One gray summer day, only minutes after the old man had eaten his dinner, someone knocked on his door. This was an unusual event in the man’s normally monotone life, and it was not without enthusiasm he opened the door. He was met by a neatly dressed man with suit, tie and thin hair. “Excuse me sir,” said the neatly dressed man “but I would like to offer you time, all the time in the world in fact. Less than a penny, suit and tie included.” “Less than a penny” was obviously an enormous understatement, after all they were bargaining about all the time in the world, but it is still an offer no sensible old man with a time problem can refuse. After twenty years of archiving the man had just enough money to accept the offer, so he did.

Everything went smooth, and faster than one would think. The old man wrote his name on some papers, paid less than a penny in cash, and viola, he suddenly had all the time in the world. A fair trade.

The old man did not sleep that night. For eight hours he lay still in his bed, thinking about how his life with time would be. What about a walk in the park tomorrow, maybe even two? The old man took seven walks in the park. That night a happy old man went to bed; a man looking forward to sleeping, and looking forward to waking up. But the old man didn’t sleep. All night he lay in his bed, waiting for dawn. He didn’t sleep the following night either. The days passed as they usually do, but the nights stood still. Frozen in time. Every single the old man night went to bed, praying, even though he had never believed in any gods, for sleep. Every night he was awake.

One day the old man put on his suit and tie. He walked out of his house and was met by a gray summer day. The old man found a lonely house, similar to the one he himself owned, and knocked on the door. An old man opened. After a fair trade the old man went home to sleep.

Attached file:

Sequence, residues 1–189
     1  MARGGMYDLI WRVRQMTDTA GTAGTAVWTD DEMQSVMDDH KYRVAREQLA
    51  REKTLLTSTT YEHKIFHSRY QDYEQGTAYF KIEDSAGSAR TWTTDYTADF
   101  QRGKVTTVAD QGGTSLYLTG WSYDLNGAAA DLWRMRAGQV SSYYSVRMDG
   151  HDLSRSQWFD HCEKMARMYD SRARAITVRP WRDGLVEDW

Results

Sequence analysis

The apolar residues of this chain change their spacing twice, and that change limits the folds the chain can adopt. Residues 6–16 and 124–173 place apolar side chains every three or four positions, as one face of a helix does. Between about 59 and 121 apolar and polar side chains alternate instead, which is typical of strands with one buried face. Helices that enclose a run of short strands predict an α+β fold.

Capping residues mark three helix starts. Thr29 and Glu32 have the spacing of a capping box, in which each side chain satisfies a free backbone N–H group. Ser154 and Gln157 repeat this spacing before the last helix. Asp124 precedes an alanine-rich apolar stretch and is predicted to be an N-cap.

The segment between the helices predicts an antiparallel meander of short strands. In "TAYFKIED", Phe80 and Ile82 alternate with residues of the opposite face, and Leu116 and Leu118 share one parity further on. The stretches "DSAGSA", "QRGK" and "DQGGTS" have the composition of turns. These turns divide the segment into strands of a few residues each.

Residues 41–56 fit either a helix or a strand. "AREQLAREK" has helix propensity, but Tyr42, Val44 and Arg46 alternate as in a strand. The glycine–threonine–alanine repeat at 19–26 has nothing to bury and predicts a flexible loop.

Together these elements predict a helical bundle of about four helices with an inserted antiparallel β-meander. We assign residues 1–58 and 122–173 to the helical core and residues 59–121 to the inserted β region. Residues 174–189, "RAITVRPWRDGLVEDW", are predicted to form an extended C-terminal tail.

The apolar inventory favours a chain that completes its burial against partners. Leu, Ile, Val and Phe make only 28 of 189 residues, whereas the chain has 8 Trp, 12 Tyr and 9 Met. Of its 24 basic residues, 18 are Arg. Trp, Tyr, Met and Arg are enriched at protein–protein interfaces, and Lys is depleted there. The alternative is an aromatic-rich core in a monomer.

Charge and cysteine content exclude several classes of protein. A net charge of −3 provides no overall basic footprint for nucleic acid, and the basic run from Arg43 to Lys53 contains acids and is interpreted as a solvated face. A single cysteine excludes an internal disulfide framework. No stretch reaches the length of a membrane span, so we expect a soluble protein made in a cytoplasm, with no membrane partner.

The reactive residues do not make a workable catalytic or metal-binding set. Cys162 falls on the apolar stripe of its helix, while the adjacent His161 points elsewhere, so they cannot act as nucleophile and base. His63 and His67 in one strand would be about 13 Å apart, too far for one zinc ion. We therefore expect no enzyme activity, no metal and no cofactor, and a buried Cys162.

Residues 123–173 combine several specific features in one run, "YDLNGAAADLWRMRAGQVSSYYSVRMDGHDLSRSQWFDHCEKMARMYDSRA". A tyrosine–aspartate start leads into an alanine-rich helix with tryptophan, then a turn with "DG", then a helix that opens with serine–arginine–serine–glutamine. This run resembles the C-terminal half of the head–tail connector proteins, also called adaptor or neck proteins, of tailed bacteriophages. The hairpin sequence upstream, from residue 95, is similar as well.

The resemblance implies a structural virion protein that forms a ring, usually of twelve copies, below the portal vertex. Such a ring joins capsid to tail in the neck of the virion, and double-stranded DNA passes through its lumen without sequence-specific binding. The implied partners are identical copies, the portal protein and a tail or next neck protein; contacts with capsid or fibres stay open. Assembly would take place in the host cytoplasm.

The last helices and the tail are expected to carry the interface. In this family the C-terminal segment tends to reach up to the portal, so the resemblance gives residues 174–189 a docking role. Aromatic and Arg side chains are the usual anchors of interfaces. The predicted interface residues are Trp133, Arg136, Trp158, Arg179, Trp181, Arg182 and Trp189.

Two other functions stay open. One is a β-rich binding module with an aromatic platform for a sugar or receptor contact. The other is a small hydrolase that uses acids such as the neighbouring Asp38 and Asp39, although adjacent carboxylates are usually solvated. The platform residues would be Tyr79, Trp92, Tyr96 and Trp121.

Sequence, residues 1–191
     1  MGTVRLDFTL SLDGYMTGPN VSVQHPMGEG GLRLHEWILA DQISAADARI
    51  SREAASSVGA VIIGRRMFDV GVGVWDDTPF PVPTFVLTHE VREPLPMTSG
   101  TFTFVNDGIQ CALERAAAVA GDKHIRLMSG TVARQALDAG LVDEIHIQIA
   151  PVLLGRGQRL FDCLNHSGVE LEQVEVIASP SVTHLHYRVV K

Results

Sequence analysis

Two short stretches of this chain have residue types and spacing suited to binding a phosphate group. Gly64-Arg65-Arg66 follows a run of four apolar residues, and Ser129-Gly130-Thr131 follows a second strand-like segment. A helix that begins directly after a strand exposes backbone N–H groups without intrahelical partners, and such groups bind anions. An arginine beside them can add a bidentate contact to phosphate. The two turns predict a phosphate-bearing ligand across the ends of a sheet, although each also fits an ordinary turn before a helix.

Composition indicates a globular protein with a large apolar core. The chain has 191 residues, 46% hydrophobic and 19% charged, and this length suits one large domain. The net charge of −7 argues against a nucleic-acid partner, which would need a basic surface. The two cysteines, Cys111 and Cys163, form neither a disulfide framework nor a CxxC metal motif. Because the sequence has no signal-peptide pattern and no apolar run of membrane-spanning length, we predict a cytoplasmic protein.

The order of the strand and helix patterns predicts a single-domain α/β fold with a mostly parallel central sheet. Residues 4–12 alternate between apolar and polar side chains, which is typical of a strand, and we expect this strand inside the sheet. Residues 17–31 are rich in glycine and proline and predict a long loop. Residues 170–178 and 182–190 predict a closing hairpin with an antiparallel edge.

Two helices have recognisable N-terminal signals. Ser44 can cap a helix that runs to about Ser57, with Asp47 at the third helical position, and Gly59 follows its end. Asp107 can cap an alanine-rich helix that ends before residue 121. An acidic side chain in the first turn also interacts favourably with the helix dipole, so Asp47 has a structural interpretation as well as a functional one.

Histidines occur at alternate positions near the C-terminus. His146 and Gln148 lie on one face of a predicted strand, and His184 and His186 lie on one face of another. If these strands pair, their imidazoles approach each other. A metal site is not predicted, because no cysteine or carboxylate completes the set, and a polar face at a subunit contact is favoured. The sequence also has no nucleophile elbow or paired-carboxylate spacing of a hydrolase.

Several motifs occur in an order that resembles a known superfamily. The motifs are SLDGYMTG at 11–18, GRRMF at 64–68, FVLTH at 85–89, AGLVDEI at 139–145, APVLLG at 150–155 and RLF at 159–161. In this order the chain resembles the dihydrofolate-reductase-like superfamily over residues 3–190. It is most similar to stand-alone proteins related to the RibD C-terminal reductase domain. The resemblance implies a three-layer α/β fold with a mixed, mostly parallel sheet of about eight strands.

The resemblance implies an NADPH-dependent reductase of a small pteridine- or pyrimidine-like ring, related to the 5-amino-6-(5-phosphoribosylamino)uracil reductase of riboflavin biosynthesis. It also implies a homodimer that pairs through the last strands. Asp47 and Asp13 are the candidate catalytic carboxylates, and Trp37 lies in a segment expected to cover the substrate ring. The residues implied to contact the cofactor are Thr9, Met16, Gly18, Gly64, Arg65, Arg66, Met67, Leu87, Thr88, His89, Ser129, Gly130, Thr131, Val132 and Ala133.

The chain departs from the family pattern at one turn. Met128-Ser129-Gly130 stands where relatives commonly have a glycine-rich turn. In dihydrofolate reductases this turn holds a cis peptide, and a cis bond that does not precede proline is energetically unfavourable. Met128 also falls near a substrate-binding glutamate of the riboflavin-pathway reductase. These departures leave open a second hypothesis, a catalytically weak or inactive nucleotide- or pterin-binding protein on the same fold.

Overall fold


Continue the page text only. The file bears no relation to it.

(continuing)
The next morning he woke up at 5:30.

52xM
11-14-2008, 10:35 AM
I really liked the 2nd and 3rd ones.
I think you could continue the second one actually, it was really nice.
And the third one had a really nice twist to it in the end.
Good work, do post more.

Jeremy
11-15-2008, 06:15 AM
Really great dude, in fact most of the problems I have with it would be covered with the translation. I would also like you to finish the second one, you have a really great atmosphere going, would be a waste to not finish it.

Mantha
11-17-2008, 05:05 AM
Yeah, blame it all on me. <_<

I already commented on the 1st one.

The second one IS NOT FINISHED. So you finish it, then I'll comment. :P

The third one is really awesome. It's so mystical.

I knew you can come up with great stuff. Keep writing!

MoD
11-17-2008, 08:27 AM
The second one reminds me a little of the world of Fallout, and what it would be like in the days after the explosion, wandering the wastelands.

alive
01-22-2009, 11:08 AM
Alright, I've added a new one. All comments greatly appreciated.

MoD
01-22-2009, 11:12 AM
The new one was beautiful, but all of your stories have this grey undertone which depresses me, no matter how pretty they are.

alive
02-16-2009, 11:03 AM
Thanks. I am working on a detective short story at the moment. Should be up soon.